Why High Frequency Trading is Not a Problem

Many people are concerned about the fact that some people can trade more frequently than they can due to having a large infrastructure of high speed computers and connections to various exchanges.  It all seems like regular people can get ripped off, and so some kind of governor is need via transaction taxes, or some limiter on the trade frequency.

This is all unnecessary. If you are concerned about being gamed by high frequency traders (aka HFT), there’s a pretty simple way to avoid this.  Simply trade using Volume Weighted Average Price (VWAP) orders. This order gives you the volume weighted average price for a period, usually a day, and on InteractiveBrokers it’s available pretty cheaply, say for half a cent a share.  Brokers have whittled this fee pretty much down to the exchange fees and spread, taking into account the fact that they trade these things ‘algorithmically’, so you actually benefit from HFT as they aren’t simply and stupidly crossing the market every half hour. Most HFT actually are simply common sense applied to generating a light touch by trying to emulate a market-maker (eg, posting buy orders at the bid) as opposed to something sinister.

Say you decide on Sunday, after doing all sorts of research over the weekend, that you want to buy IBM on Monday. If you are buying less than 1% of ADV, your effect on the price is positive to be sure, but spread out over the day, not quick enough or with a high enough certainty that one would want to front run you (ie, it’s not sufficiently greater than the spread to be worth buying in the morning and selling at close). Further, any information that might give a HFT a millisecond advantage within they day will be randomly because you can’t predict the sign of such innovations hours in advance, so HFT shenanigans are irrelevant to you, they aren’t biased in any direction.

Widows and orphans can execute VWAP orders now, and then benefit from any benefits in a perceived case where trading is simply done at a central auction once a day. Yet with this solution no one is constrained, no one has to monitor or regulate anyone. The solution exists currently and is available to everyone who want to avoid HFT.  Real investors shouldn’t be day trading, but making longer term decisions based on a longer term analysis of the trends, and in that case they can trade as if HFT didn’t exist without any new rules.

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About Eric Falkenstein 136 Articles

Eric Falkenstein is an economist who specializes in quantitative issues in finance: risk management, long/short equity investing, default modeling, etc.

Eric received his Ph.D. in Economics from Northwestern University , 1994 and his B.A. in Economics from Washington University in St. Louis, 1987

He is the author of the 2009 book Finding Alpha.

Visit: Eric Falkenstein's Website

2 Comments on Why High Frequency Trading is Not a Problem

  1. Do you have ANY proof to your claim that most HFT are simple common sense algo’s? Any data to back up your OUTRAGEOUS claim that VWAP is all the insurance you need against ad algo’s?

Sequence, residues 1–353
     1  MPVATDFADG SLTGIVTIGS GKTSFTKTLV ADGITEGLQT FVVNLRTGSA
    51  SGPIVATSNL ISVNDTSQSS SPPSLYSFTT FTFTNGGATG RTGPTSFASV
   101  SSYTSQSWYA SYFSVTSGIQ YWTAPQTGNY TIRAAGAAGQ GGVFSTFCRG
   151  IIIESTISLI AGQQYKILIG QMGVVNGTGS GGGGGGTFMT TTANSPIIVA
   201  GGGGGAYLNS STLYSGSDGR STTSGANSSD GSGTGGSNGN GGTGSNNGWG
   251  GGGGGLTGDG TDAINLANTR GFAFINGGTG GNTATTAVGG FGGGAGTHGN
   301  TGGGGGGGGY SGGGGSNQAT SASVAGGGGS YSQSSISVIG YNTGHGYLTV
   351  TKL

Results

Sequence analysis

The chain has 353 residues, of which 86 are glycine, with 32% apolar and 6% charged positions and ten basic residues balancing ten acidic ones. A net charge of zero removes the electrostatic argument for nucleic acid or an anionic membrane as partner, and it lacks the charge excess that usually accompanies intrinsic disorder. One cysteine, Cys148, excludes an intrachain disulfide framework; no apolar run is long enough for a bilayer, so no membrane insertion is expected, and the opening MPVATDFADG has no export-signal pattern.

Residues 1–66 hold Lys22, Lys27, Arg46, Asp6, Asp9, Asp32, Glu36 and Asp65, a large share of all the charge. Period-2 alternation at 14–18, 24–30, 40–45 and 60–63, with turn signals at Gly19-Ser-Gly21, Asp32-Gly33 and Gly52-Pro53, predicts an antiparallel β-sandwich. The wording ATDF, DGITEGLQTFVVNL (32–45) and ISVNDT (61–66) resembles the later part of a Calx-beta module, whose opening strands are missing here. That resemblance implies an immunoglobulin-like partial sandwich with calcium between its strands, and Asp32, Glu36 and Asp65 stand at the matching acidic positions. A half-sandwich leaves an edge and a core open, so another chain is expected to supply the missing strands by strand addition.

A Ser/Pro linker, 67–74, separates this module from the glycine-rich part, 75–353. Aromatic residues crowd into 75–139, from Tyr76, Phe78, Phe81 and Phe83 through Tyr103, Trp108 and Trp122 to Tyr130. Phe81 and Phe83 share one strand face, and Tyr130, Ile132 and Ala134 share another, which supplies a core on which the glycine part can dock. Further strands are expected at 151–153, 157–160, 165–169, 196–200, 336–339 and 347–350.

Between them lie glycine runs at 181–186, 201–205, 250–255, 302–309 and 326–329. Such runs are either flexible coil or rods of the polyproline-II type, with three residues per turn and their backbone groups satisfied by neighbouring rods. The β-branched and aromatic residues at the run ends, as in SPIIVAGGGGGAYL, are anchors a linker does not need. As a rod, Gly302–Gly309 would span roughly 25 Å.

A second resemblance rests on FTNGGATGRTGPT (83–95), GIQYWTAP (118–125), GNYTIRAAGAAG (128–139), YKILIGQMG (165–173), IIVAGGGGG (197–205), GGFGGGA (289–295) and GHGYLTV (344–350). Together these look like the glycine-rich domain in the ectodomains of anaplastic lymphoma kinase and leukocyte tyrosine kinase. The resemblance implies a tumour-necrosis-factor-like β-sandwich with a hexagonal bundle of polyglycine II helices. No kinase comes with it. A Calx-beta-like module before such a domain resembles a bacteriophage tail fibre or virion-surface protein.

It is writers such as yourself who are creating problems for those of us who understand the dynamics caused by nanosecond trading computers, expert networks, and a newly fragmented market where each exchange has its own RLP and complex fee structure along with special order types.

    First off, VWAP won’t do anything against a locked market or queue slide. Second, VWAP won’t help when the connected HFT firm (GETCo, VIRTU) are able to flip the fee from the taker side and make the maker pay it, all the while partially filling lots and offering sub-penny pricing.

    If you are ok with ignoring bad algo’s and not enforcing the rules we have paid the SEC to come up with and pass, then I expect you’ll turn your head over when your house is robbed.

    The problem is that the widows and orphans you talk about are not making their own trading decisions. Some MBA, CFA jibroni is sitting in his office making these trades and poo pooing HFT saying VWAP creates an environment where regulation isn’t needed. And what does he care, he gets his 1% and bets with your money, all the while ignoring HFT and marginalizing his fiduciary responsibility.

    Furthermore, you can know when HFT will be most prevalent. The fact that you state the opposite shows your lack of research into this area as bad algo’s and the negative effects introduced by them are visible on energy releases, major economic releases, European close, cash outcry close, and during the last hour trading when they are rebalancing. Please stop writing about HFT until you have researched it thoroughly.

    Again, please stop writing about HFT. Your limited exposure and understanding is skirting our effort to bring retail back to the market through the reestablishment of trust and a regulator who actually regulates and doesn’t cut corners by buying surveillance software from the very firms they seek monitor. Thanks for nothing big guy!

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